Rococo. Longtime Edge-ster Mark Brasuell is presenting a body of new works at the co-op that take the form of mixed-media paintings, some sporting collage elements. To some extent these pieces, in which he mixes issues related to his own biography with the notions of formalist abstraction, represent a continuation of the kind of work he's done over the last fifteen years. However, they also seem to be striking out on something of a new path for him since he has incorporated representational -- or at least semi-representational -- imagery of plants, birds and animals. These images are created using antique stencils and cut-up pieces of a how-to-draw book that Brasuell has had since he was a teenager. Brasuell also incorporated script into the pieces, using the content of actual letters he has received. As usual, the use of strong colors in striking contrasts is an important aspect of these works. These elements -- abstraction, representation, script and color -- inspired the show's title, Rococo, a more-is-more European style that pushed the excesses of Baroque, the previous style, to the breaking point. Through October 9 at the Edge Gallery, 3658 Navajo Street, 303-477-7173.
Selected Recent Acquisitions and Highlights. The impressive roster of permanent holdings of the CU Art Museum in Boulder is known as the Colorado Collection, a fitting appellation. It was started modestly as a teaching aid in 1939, but today it represents much more than that, containing more than 5,000 works of art, including drawings, paintings, photographs, sculpture and pottery. Director Lisa Tamiris Becker chose the pieces in Selected Recent Acquisitions and Highlights of the CU Art Museum's Permanent Collection. The show focuses on those items that were acquired between 2002 and 2005, along with significant works brought in since the inception of the collection, more than sixty years ago. The show has examples by the old masters, including Brueghel, Rembrandt, Daumier and Dürer; modern masters such as Picasso, Rauschenberg, Warhol and Dubuffet; and contemporary notables, including John Baldessari, Jackie Winsor, Manuel Alvarez Bravo and Mary Kelly. In addition, there are Asian, South American and African artifacts. Through October 21 at the CU Art Museum, in the Sibell Wolle Fine Art Building on the CU-Boulder campus, 303-492-8003.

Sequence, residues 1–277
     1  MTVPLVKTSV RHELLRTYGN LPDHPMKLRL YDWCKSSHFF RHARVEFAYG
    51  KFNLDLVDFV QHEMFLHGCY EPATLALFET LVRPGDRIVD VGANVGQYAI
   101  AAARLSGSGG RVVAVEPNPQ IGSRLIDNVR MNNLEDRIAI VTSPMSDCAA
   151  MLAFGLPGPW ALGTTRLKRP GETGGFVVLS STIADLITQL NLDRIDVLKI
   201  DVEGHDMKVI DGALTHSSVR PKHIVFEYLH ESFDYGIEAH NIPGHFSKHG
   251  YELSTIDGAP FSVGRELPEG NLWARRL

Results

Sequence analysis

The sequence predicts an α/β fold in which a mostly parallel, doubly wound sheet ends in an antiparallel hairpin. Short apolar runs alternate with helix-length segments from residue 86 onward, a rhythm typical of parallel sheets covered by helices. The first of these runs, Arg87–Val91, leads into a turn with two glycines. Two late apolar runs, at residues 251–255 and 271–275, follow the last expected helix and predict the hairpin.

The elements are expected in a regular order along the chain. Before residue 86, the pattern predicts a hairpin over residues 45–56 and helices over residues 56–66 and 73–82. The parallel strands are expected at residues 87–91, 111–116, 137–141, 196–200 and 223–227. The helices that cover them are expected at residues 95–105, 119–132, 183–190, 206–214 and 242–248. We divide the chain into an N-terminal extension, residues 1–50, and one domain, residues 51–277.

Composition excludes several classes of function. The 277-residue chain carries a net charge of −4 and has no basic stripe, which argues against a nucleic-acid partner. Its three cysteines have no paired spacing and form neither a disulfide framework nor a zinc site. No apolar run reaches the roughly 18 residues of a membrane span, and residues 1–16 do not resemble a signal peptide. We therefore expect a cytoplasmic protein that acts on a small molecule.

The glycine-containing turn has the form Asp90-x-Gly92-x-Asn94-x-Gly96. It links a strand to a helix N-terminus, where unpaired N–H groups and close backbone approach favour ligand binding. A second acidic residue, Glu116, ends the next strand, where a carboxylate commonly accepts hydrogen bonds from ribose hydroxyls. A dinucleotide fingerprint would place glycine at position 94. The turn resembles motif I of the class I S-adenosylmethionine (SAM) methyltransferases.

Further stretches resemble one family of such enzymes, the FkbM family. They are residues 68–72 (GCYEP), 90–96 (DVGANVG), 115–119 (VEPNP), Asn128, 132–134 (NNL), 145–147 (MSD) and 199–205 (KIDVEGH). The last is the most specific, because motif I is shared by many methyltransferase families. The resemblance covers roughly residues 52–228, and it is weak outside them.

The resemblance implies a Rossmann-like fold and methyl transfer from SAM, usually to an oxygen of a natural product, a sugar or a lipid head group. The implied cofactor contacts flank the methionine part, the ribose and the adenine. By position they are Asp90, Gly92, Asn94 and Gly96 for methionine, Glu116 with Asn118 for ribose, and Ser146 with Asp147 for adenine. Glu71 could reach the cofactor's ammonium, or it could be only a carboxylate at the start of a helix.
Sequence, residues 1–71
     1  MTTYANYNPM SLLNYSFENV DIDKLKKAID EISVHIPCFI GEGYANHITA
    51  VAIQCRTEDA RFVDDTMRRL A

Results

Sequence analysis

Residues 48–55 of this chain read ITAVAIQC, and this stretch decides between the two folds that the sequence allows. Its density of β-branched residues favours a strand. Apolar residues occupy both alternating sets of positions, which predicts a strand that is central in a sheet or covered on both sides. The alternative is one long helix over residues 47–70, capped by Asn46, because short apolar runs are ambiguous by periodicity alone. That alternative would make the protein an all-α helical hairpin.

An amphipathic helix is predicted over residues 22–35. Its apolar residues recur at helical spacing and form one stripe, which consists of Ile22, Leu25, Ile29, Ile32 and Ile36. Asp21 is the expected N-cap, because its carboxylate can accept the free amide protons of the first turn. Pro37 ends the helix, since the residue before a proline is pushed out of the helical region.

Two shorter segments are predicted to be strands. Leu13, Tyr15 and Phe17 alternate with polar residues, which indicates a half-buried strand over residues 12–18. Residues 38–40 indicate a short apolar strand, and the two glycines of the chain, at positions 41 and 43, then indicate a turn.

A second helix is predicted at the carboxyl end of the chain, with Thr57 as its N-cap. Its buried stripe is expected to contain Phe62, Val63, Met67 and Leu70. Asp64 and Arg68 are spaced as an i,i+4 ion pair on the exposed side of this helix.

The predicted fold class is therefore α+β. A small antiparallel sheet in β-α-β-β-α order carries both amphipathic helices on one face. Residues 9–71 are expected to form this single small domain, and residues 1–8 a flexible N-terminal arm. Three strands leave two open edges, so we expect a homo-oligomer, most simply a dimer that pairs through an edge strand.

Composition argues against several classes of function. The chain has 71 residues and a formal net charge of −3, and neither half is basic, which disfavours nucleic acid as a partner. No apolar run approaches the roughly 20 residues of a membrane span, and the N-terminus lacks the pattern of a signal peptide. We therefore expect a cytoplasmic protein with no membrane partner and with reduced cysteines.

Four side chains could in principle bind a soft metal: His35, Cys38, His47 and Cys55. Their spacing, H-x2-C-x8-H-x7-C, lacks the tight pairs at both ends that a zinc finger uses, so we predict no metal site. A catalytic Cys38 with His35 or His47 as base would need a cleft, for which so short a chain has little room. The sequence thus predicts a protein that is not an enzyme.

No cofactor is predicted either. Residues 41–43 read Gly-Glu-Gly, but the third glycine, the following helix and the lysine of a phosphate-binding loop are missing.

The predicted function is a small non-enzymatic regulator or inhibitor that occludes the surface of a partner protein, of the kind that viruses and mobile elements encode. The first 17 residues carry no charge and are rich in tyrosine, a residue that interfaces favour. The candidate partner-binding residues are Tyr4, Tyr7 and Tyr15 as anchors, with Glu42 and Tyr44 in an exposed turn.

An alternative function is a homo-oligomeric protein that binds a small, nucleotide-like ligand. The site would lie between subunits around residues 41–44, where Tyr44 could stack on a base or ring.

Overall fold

Steve Altman and Crowded. The fall openers at the Singer Gallery of the Mizel Center are Steve Altman: Incognito and Crowded: Drawings and Collages by Elliott Green. Altman is a well-known local painter whose work combines an abstract-expressionist sensibility with depictions of recognizable things. Singer director Simon Zalkind organized the show, selecting recent paintings and older pieces that together briefly survey Altman's career. Zalkind was especially interested in Altman's take on the big themes of life and death -- and everything in between. The newer paintings feature prominent depictions of the figure, while the earlier ones tend to be more thoroughly abstract. The other, smaller show, Crowded, installed together with the Altman exhibit, highlights Green's cartoonish and somewhat Picassoid collages and drawings. The show's title refers to the fact that Green's compositions are crowded with as many figures as possible. The New York artist is fairly famous, and he was directly involved with this show, lending all of the pieces for it. Through November 6 at the Singer Gallery, Mizel Center for Arts and Culture, 350 South Dahlia Street, 303-316-6360.